As Europe gradually emerges from the pandemic, students are expected to return to classrooms, after a prolonged period where training was taking place in part, or entirely, online. On this occasion, it is interesting to review a quantitative indicator of the quality of education provided, that of the ratio of students to teachers. In order to see how European countries are classified, in terms of this dimension, we drew on the latest available Eurostat data for primary school students and teachers. These are shown on the map above.

The average value for the index for the European Union (EU) is estimated at 13.5 pupils per teacher. With the exception of Bosnia and Herzegovina, which is far from the EU average and its education system seems to be facing substantial staff shortages, the remaining countries are below the threshold of 20 pupils per teacher. More specifically, the countries with the most pupils per teacher in the EU are Bosnia and Herzegovina (44.5 pupils), followed by the United Kingdom (19.9 pupils) and Romania (19.4 pupils). In France there are 18.8 students per teacher, in Germany 15.1, and in Spain 13.6. On the other hand, the countries with the lowest proportion of students to teachers, are Greece, with only 8.7 students per teacher, Luxembourg (9 students) and Poland (9.6).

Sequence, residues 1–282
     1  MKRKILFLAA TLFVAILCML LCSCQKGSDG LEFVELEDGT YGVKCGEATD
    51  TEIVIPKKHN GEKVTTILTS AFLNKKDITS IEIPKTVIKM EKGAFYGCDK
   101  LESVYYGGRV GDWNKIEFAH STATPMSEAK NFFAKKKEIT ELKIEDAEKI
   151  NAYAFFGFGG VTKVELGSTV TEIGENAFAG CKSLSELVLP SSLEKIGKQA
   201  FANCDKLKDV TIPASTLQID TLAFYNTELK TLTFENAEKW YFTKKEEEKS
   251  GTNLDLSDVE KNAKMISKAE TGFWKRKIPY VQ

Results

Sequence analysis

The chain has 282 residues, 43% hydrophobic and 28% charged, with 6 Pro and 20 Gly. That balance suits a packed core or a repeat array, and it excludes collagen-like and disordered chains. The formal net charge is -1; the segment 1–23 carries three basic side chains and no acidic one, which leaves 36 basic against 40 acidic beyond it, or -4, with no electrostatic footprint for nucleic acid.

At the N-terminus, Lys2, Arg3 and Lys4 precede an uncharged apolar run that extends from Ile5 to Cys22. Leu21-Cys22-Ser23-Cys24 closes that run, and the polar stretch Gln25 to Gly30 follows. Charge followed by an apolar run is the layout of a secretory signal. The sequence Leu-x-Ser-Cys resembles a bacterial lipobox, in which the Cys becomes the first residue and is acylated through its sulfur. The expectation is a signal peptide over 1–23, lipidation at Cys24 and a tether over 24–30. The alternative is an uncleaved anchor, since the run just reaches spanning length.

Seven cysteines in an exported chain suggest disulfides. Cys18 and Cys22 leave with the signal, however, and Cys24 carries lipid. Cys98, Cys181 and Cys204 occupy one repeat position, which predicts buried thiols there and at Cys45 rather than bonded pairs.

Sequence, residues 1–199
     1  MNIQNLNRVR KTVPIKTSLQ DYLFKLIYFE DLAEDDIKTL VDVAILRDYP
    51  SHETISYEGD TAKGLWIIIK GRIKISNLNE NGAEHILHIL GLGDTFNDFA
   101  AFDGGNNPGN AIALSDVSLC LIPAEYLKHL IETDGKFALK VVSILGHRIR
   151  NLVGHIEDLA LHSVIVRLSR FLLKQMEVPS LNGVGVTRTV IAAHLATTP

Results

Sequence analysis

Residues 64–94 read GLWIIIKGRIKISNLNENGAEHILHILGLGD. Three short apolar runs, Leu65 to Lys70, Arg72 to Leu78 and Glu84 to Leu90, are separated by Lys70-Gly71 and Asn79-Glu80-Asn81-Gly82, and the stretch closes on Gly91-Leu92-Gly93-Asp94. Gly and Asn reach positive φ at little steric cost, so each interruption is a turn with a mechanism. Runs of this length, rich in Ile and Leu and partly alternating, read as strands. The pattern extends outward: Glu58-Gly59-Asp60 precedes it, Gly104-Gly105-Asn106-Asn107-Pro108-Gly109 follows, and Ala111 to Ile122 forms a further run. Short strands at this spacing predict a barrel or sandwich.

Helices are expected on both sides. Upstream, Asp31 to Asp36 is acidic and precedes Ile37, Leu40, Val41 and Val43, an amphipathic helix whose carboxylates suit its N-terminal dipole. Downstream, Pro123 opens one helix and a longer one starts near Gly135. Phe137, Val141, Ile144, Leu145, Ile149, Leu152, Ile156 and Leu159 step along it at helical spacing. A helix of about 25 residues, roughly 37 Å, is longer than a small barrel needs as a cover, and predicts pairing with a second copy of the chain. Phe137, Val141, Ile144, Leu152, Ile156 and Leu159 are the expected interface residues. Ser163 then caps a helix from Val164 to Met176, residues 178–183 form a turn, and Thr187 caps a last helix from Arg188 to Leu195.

However, some caution is needed in the interpretation of these results, as the index is estimated using the total, national cumulative number of students and teachers, without taking into account the regional specificities of each country. For example, in Greece, the large number of sparsely populated areas such as islands and mountainous areas create the need for more teachers for a small number of students. On the contrary, in large urban centers, large number of students are often crowded in one class. It would therefore be interesting to look at this index at the municipality level in each country.